The process of policy formulation begins with a felt need for a change in the education delivery system. Such a change may be necessitated for various reasons as mentioned above. In Ghana, it is usual to respond to demands for change by first setting up a national committee or commission with membership from a wide range of stakeholder organizations to review the situation. For example, the Education Reform Review Committee of 1993/94 was set up with a mandate to review Ghanas policies on basic education. Such reviews draw heavily on the analysis of the experiences gained in the implementation of policies that are the focus/targets of the review. The concern here is not only to find out why targets are not being achieved and whether implementation has gone on as planned. It is also to examine what unintended outcomes or unforeseen obstacles have emerged during the process of implementation.
The analysis stage in the policy formulation process is followed by the determination of other options which are still open to the sector. These must take into account the past experiences and the extent to which the sector has drifted off course. Generally, an all-round stakeholder conference/meeting is convened to discuss the options proposed by the review committee. The MOE usually invites individuals of the various constituent bodies to such a meeting. Representatives of the development partners are also involved from this stage.
The review committee reconvenes to put together the various options discussed and adopted at the round-table conference. The outcome of this exercise is then submitted to the MOE in the form of policy recommendations. These recommendations may or may not be approved by the Minister for Education who has the final responsibility for policy-making in the education sector.
Sometimes, new policies are pilot-tested before wholesale national implementation is embarked upon. The recent practice is to set up a unit to monitor the implementation process and carry out periodic impact monitoring. Sector analysis is useful at virtually all stages of policy formulation but is most critical at the policy analysis, pilot testing and impact monitoring stages.
Once the policy decision has been taken, it has been a long-standing practice for the policy to be implemented by an established agency under MOE. GES, for example, implements pre-tertiary education policies. The policy formulation and implementation process is presented in Figure 1.
Prior to 1983, the agencies, notably GES, played a very significant role in education sector policy decisions. There was, therefore, a high degree of interplay between policy decision making and implementation with mutual benefits. Implementation informed future trends in policy which, in turn, affected modalities for implementation in a positive way. That relationship existed over the years but was more clearly defined in 1974 with the establishment of GES as the sole agency for implementing pre-university education policies. There was, however, growing dissatisfaction within the ministry that GES was wielding too much influence on decision-making in relation to its subordinate position within the ministry. This development must have arisen from the sheer size of responsibility of GES, which has the bulk of the top professionals of the education system at that level. Sometimes, the top management staff and field officers of GES made pronouncements bordering on policy without the prior knowledge of even the Minister/Commissioner/Secretary for Education. Such pronouncements were not well accepted by the ministry.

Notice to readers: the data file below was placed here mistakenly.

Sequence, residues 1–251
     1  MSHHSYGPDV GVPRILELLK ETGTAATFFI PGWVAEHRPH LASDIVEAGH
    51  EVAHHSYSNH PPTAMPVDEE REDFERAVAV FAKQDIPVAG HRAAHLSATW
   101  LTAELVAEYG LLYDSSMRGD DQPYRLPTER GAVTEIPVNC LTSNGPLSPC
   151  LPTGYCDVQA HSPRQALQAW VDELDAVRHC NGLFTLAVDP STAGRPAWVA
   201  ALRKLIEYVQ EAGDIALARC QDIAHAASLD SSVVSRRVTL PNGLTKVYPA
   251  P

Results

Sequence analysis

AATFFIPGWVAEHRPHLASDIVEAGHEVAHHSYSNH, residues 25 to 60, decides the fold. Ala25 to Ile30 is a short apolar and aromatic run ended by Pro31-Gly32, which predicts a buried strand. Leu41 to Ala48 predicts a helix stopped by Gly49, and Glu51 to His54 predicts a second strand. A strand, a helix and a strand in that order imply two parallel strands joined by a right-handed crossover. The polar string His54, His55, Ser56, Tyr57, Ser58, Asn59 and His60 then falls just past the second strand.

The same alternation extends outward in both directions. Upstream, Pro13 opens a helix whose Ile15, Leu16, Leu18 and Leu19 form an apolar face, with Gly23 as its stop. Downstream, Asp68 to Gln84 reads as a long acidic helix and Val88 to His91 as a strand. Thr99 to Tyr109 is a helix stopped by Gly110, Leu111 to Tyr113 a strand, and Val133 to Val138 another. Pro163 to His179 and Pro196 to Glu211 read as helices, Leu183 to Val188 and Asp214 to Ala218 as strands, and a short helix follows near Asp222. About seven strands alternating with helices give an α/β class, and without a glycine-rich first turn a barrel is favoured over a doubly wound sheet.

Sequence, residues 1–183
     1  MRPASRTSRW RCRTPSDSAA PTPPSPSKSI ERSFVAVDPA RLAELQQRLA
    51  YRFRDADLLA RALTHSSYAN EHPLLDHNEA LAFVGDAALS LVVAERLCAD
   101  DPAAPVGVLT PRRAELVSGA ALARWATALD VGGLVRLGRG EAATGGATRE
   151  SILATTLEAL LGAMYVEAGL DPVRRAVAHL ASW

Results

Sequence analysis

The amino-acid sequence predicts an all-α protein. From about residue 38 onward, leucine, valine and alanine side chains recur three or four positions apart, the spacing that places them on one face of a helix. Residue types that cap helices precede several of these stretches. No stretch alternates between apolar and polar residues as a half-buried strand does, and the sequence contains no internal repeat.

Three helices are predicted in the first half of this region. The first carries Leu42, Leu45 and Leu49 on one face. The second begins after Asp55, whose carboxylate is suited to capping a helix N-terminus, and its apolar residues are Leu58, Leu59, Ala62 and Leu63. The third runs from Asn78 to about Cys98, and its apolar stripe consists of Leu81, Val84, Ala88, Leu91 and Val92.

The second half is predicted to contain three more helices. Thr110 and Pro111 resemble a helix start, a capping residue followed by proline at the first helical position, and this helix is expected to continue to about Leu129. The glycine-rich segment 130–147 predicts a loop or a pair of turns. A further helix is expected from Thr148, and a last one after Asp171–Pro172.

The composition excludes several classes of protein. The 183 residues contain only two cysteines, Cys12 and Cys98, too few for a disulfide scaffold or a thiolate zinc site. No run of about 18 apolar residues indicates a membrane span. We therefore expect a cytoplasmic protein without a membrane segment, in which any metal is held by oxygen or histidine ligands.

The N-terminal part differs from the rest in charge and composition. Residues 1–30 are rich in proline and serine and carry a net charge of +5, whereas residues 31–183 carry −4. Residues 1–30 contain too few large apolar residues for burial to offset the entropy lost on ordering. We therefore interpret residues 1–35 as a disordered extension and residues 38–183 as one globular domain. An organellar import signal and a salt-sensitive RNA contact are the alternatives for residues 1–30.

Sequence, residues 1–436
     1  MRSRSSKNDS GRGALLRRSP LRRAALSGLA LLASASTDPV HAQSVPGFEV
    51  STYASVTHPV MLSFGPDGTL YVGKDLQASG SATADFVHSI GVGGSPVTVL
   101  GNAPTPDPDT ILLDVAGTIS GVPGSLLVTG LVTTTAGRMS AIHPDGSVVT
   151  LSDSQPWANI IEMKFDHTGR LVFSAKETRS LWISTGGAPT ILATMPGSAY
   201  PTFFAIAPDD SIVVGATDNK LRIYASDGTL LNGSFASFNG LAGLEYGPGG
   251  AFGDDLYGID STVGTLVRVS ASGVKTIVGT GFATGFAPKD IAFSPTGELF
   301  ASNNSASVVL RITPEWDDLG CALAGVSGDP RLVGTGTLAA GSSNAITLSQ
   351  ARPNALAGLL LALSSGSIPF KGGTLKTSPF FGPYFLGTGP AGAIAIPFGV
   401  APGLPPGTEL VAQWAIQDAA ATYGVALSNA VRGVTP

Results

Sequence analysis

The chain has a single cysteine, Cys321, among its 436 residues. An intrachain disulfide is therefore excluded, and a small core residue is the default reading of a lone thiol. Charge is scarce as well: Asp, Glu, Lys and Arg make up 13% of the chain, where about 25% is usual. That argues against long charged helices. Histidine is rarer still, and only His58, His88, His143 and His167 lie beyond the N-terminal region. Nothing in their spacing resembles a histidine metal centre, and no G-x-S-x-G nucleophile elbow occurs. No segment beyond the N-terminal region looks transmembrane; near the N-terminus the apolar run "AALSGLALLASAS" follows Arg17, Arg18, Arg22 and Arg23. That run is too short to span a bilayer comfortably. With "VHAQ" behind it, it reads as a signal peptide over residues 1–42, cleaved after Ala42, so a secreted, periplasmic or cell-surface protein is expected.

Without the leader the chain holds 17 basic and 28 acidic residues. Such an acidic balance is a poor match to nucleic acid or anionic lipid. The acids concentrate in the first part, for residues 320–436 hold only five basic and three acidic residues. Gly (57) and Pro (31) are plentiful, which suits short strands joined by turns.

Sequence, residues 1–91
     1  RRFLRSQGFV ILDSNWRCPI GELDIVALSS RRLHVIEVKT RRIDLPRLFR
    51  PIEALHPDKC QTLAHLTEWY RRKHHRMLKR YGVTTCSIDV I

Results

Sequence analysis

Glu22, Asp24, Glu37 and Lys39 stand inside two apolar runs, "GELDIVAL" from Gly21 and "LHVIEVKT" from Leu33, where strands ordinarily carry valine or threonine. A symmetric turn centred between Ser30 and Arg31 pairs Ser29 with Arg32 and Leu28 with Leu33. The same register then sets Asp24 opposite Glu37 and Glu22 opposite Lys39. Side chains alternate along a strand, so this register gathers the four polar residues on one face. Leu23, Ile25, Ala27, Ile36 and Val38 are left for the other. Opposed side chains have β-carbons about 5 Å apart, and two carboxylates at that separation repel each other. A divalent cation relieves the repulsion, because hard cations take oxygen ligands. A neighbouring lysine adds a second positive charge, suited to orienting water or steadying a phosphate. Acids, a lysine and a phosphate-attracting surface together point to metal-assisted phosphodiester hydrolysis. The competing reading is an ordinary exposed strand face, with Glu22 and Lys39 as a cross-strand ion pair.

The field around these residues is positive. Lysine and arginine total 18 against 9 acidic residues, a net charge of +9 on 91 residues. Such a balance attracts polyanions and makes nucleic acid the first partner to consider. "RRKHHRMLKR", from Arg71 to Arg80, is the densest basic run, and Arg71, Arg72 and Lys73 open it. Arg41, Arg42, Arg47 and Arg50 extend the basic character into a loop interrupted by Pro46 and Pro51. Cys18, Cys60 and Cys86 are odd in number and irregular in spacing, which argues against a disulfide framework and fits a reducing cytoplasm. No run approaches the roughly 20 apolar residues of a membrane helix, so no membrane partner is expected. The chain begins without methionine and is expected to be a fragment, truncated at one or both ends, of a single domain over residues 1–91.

Under these circumstances, the GES Council was abolished in 1983 under Law 42 of the Provisional National Defence Council (PNDC). Its functions were vested in the PNDC Secretary for Education. From that time, GES and other sector agencies, including GNAT, played a very small or had no direct institutional role in the policy decisions of the education sector, including those leading to the implementation of the current education reforms in Ghana. However, since the reestablishment of the GES Council in 1996, the situation has changed and there is greater institutional participation of GES in the policy formulation process of the ministry. On account of this new relationship GES and the ministry seem to operate in tandem for which reason they are treated in the remaining chapters as if they were one body.Chapter 3